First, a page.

The great thing about Winfree is that his statistics do not drop off that much from home to the road. He is a very solid hitter no matter where he plays, but he seems to play a tad better in front of the home fans. In fact, during a seven-game home stand from June 27-July 3, Winfree wrapped 16 hits in 34 at-bats, and drove in an astounding 16 runs.
Kill Righty: Winfree had better success against right-handed pitching in 2005, something uncommon among young right-handed hitters. He batted .299 against righties, as opposed to .272 against lefties, and smashed 13 of his 16 home runs. He also drove in 83 of his 101 runs batted in and collected 23 of his 31 doubles. These statistics can be deceiving, considering he had 334 more at-bats against righties than lefties in 2005.
For most young right-handed hitters, hit is tough to face left-handed pitching. Most guys, especially those who came right out of high school, did not see many lefties while playing amateur ball. Once he moves up in the organization, and starts seeing some good right-handed pitching, you should see him move to being more even with his statistics. However, a .272 batting average against lefties is not bad either, considering he is a big-time power hitting prospect.
Heating Up: Winfree continued to get more consistent at the plate as the season wore on. After failing to eclipse the .300 mark in his first three months, Winfree went on to hit over .300 for the final three. He batted .311 in July, .303 in August, and finished September with a .364 batting average. He also had his biggest runs batted in output during the month of July, when he drove in 29 runs in 29 games.
For any player, whether it be a Major League player, or a Minor League player, it is very important to get better as the season wears on. The impressive thing about Winfree's season is that it was his first season of full-season ball, and he got better at the plate every single month. He was hitting .278 at the end of June, and finished the season with a batting average that hovered near the .300 mark at .294. His .294 average was good enough for fifth in the entire organization among qualifiers.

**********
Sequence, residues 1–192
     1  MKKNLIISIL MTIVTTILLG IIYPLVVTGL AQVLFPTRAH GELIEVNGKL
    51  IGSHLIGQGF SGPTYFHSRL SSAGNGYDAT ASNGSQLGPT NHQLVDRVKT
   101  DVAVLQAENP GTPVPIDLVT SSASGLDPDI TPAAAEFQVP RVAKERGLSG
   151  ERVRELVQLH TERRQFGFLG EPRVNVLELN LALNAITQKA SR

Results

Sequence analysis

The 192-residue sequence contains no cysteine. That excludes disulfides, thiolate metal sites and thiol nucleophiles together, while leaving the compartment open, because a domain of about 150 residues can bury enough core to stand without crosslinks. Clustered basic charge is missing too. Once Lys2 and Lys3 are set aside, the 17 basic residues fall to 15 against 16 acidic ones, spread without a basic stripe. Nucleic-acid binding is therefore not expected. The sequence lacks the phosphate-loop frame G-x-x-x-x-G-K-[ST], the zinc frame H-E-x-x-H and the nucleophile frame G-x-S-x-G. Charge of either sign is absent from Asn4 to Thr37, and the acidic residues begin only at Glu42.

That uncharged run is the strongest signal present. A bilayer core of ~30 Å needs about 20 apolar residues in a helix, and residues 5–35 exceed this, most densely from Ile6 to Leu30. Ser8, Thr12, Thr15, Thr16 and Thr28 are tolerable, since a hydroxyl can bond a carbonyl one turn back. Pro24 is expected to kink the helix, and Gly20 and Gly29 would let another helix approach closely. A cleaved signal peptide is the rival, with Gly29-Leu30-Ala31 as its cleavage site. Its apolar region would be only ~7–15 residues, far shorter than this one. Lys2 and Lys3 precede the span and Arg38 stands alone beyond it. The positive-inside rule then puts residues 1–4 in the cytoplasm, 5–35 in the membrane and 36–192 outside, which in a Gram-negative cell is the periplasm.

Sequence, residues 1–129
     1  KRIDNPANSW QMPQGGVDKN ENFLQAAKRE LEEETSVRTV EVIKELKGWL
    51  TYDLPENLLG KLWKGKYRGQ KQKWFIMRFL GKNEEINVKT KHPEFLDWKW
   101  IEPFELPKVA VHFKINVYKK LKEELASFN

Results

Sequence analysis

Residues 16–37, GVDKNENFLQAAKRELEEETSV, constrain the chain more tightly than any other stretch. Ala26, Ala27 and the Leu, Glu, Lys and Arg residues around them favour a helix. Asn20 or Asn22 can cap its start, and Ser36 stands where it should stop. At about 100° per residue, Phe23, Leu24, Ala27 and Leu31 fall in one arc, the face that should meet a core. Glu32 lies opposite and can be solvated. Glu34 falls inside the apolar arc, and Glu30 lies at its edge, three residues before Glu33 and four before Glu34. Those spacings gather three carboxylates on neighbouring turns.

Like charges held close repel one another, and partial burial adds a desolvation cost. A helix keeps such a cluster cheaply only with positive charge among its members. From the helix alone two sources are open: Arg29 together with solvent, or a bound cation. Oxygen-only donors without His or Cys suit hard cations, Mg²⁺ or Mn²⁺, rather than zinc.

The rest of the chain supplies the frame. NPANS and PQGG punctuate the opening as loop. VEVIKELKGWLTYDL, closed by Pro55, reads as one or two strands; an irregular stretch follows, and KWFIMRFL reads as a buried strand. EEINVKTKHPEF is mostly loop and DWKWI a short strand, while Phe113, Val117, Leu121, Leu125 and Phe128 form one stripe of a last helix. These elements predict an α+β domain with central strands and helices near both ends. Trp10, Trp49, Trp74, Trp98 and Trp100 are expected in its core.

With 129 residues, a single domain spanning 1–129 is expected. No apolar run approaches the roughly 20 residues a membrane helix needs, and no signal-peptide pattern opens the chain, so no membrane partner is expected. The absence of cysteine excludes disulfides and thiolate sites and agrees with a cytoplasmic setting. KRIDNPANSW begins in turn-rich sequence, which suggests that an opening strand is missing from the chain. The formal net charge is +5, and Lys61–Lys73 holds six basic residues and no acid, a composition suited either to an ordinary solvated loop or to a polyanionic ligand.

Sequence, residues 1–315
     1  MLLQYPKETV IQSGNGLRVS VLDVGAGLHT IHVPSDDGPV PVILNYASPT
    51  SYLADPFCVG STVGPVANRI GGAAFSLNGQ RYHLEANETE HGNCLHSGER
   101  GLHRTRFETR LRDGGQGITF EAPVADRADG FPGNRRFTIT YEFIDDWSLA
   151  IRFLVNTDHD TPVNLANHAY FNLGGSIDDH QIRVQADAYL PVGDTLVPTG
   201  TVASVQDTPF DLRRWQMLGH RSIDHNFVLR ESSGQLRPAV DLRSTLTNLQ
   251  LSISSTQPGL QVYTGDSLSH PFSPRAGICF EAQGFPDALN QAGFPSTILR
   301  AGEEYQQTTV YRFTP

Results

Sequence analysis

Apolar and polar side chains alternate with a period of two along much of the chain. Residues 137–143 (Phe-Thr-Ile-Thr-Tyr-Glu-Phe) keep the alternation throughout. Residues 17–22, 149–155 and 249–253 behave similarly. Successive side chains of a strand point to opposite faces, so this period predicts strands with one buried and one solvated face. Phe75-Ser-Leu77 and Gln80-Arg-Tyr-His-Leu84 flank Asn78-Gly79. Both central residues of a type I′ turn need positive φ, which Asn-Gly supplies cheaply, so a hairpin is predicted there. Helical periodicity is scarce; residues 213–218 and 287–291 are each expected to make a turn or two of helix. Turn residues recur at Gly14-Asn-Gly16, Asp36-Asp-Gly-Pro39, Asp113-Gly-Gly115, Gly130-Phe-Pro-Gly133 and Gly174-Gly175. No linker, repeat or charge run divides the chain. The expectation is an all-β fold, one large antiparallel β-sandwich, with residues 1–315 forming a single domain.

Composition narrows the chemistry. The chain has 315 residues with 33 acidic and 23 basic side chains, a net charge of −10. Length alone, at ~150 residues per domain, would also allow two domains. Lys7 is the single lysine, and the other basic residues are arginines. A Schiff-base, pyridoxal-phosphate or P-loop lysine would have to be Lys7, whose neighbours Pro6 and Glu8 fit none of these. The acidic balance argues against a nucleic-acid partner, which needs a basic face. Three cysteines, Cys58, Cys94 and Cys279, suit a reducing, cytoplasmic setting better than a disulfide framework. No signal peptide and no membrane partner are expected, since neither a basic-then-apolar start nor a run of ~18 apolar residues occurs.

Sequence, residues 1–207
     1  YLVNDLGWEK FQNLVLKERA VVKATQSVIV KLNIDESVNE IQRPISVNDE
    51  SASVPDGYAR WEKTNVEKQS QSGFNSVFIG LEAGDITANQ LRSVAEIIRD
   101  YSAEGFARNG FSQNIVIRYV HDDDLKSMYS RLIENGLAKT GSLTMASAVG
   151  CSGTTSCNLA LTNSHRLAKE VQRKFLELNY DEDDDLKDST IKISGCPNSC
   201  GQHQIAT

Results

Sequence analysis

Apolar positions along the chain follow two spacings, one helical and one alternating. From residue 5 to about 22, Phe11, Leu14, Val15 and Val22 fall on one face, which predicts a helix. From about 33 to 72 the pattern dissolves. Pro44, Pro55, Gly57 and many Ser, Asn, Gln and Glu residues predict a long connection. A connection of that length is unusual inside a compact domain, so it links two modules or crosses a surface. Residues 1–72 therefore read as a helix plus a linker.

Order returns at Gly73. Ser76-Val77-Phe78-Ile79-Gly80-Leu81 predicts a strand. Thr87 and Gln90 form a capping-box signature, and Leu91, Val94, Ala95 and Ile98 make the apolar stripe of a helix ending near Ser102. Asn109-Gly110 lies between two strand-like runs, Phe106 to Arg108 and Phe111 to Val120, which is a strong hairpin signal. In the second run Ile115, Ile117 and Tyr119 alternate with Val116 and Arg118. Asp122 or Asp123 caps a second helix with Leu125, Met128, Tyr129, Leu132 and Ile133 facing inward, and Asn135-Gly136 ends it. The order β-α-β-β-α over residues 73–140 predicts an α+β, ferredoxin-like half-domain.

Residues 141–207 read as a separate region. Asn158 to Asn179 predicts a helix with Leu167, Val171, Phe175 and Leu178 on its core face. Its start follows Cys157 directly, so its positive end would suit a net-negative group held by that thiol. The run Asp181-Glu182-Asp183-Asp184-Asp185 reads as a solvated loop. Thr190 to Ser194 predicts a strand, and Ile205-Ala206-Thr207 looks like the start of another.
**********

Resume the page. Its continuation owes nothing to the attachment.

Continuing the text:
Needing Visine: If Winfree wants to bat over the .300 mark, he is going to need to work on his batting eye. During the 2005 campaign, the budding slugger walked only 22 times in 135 games, while striking out on 93 occasions. He does not take many pitches, and has a hard time starting rallies. In 274 at-bats with the bases empty, Winfree batted only .248, and struck out 45 times. When leading off an inning, the big third baseman hit only .243, and struck out 15 times in 105 at-bats.
Winfree can usually be found in the third, fourth, or fifth slot, so his manager just wants him to drive in runs. However, if he wants to bat in the third slot at a higher level, he is going to have to learn to have a better batting eye. The home runs and runs batted in are nice, but he needs to become an overall player. If he can just walk 20 more times a year, and strike out 20 less times, he will see a drastic rise in his batting average.
Mr. Clutch: Winfree thrives in the clutch, and that is something you want to see out of a player who bats in the middle of the lineup. When there is a runner on, or someone in scoring position, the Manager can count on Winfree to knock the runner in, or at least get on base. He batted .350 with runners in scoring position this past season, one of the main reasons he drove in an organizational best 101 runs. He also batted .351 with runners in scoring position and two outs, .337 with runners on, and .339 with runners on and two outs.
This is a great sign for a young power hitter, especially someone in only his third season of professional baseball. There is nothing more frustrating for a fan, or a manager, than to see your big bat get out in a big situation. When you have a bat in your lineup that is sure to succeed in the big spot in the game, you are going to score a lot of runs. While he may struggle when there is nobody on base, you can be sure Winfree is driving in a run with a runner on second and two outs. This is one of the qualities that makes him one of the best position player prospects in the entire Twins organization.
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